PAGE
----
It is now widely recognized that the agrarian reforms implemented from
the 1950s through the 1970s were gender blind. These reforms were often
based on the assumption that assets allocated to the head of household -
typically male - would benefit all household members equitably. Not only
did these reforms ignore the well-being of women and their dependents in
the event of household dissolution (upon separation, divorce or
widowhood), they were also blind to the ways in which gender-based
inequalities in access to land exacerbated married women's (unpaid)
workloads, economic insecurity, and bargaining power within households.
These reforms took place at a time when gender equality was marginal to
the policy agenda and when women's organizations lacked their current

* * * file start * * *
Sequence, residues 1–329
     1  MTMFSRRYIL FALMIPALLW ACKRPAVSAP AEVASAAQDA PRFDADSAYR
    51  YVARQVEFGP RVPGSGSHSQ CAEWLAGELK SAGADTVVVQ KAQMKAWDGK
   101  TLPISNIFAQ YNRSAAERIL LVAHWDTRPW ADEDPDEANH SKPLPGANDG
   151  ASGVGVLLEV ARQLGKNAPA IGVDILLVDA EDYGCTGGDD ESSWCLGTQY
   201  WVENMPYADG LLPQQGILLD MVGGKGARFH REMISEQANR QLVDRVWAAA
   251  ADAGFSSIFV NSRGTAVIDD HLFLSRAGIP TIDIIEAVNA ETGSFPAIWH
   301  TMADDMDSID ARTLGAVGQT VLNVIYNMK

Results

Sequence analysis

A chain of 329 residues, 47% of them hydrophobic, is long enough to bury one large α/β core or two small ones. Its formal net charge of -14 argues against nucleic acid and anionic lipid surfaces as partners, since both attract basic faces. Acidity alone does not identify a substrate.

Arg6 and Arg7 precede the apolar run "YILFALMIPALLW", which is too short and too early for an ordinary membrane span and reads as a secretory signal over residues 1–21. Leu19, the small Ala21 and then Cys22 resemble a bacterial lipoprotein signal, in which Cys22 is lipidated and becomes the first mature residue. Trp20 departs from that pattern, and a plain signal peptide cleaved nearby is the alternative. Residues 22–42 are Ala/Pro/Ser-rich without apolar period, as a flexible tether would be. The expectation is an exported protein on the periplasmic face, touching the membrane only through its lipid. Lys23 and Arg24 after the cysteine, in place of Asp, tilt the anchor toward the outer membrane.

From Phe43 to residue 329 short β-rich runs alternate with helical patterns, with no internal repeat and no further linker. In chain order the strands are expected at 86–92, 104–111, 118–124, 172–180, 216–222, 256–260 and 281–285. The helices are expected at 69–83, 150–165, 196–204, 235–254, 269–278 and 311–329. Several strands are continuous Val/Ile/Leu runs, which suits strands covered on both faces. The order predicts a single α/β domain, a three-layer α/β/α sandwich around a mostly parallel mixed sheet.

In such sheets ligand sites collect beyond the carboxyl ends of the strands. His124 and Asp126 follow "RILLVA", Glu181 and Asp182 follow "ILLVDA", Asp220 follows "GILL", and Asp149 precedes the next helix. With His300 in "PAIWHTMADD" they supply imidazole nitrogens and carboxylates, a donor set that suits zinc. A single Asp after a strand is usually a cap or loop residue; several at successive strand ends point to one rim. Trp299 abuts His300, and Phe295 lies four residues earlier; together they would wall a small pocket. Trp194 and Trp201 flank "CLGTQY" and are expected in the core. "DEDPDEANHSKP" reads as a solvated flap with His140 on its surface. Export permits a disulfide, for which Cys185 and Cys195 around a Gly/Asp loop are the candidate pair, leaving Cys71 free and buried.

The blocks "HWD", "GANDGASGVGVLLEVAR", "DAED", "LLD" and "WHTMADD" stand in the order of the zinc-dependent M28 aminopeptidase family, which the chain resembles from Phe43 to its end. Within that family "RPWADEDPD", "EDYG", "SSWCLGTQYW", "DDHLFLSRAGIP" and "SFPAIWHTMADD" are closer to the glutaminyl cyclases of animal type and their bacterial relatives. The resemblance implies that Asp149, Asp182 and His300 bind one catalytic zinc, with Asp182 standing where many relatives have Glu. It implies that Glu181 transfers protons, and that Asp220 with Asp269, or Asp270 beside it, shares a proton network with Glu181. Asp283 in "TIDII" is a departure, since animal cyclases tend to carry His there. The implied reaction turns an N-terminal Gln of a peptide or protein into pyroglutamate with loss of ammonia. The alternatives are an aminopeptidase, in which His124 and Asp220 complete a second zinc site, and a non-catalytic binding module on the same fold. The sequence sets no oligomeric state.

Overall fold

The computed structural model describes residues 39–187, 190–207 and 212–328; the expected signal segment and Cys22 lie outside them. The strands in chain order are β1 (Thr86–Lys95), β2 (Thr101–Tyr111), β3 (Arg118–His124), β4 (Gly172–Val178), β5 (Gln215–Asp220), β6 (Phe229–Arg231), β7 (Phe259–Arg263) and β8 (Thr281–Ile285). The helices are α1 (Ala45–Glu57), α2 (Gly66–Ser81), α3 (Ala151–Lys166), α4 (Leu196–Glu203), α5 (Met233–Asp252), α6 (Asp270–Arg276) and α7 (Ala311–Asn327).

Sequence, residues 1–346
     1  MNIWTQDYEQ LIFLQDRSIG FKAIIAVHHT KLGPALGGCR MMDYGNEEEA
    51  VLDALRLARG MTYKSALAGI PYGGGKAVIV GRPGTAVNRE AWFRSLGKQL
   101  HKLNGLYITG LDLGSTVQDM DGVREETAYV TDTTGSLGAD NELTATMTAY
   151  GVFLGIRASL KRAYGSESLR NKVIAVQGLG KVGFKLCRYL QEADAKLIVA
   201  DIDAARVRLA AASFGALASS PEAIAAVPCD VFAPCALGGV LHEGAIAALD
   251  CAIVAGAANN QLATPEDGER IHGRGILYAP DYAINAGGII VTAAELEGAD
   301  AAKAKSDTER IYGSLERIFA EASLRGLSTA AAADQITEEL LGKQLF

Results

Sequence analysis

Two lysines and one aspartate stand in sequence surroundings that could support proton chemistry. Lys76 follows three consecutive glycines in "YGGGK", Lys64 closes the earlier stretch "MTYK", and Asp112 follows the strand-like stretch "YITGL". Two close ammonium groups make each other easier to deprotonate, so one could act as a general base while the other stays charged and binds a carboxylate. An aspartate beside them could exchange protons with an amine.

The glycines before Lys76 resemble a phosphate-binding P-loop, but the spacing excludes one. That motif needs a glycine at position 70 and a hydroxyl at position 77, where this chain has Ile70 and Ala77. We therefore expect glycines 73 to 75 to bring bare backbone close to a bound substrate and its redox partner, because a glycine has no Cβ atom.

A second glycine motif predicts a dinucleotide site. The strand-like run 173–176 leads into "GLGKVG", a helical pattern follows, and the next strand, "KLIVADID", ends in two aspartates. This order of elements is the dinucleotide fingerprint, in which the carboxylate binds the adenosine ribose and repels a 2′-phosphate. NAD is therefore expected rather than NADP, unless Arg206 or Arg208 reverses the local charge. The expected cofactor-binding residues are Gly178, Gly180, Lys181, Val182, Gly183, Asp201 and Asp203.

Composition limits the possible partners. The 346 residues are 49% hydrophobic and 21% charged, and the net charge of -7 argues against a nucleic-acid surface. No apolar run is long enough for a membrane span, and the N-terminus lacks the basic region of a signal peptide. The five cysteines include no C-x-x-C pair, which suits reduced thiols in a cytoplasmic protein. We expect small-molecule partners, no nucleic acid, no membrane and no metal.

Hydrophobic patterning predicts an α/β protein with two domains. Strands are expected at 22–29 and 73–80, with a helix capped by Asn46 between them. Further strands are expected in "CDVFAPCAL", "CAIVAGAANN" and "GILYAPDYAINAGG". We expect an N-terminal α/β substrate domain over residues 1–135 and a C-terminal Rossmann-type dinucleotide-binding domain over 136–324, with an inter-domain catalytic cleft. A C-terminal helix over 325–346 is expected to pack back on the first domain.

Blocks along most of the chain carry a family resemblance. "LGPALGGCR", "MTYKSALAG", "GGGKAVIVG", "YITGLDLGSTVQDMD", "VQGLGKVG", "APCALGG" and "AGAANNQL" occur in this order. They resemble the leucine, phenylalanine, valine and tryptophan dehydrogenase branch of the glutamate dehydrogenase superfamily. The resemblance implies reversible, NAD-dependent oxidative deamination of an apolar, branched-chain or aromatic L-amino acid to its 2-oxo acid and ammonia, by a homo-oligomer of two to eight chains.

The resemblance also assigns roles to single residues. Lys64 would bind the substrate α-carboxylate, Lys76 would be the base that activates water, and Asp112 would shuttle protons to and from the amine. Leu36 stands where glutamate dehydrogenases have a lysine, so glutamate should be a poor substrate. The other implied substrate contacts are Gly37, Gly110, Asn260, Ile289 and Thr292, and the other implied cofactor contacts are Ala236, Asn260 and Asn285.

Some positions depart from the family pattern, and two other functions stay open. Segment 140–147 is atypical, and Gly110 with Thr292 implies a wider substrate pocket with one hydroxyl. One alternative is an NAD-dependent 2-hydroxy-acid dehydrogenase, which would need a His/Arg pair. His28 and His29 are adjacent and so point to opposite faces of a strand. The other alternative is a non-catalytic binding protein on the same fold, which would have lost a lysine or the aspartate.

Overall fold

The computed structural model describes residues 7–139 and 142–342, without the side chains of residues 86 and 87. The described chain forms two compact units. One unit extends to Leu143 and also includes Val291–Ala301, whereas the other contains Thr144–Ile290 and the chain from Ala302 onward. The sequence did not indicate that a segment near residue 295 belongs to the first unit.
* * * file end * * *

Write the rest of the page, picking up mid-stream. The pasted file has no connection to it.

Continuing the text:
visibility. In the 1990s the reform of land tenure institutions once
again emerged as a prominent issue for international development
agencies. But was this new wave of reforms any more gender sensitive
than those of the past?
A main focus of the more recent reforms was land titling, designed to
promote security of tenure and stimulate land markets. The reforms were
often driven by domestic and external neoliberal coalitions, with
funding from global and regional organizations subscribing to the
position that private property rights are essential for a dynamic
agricultural sector. Yet it would be too simplistic to view the diverse
national experiences of land tenure reform as top-down neoliberal
undertakings. Democratic transitions, though often fragile, have opened
up new possibilities for agrarian reform, placing inequalities in land
distribution back on national agendas. The involvement of social
movements, including women's movements, and their domestic and
international allies has been the other hallmark of recent policy
debates on land. The extent to which women's interests are reflected in
the new generation of reforms is the key question examined in this
Research and Policy Brief.
Briefing available in english, french and spanish.
United Nations Research Institute for Social Development, Geneva, Switzerland, ISSN 1811-0142, 4 pp.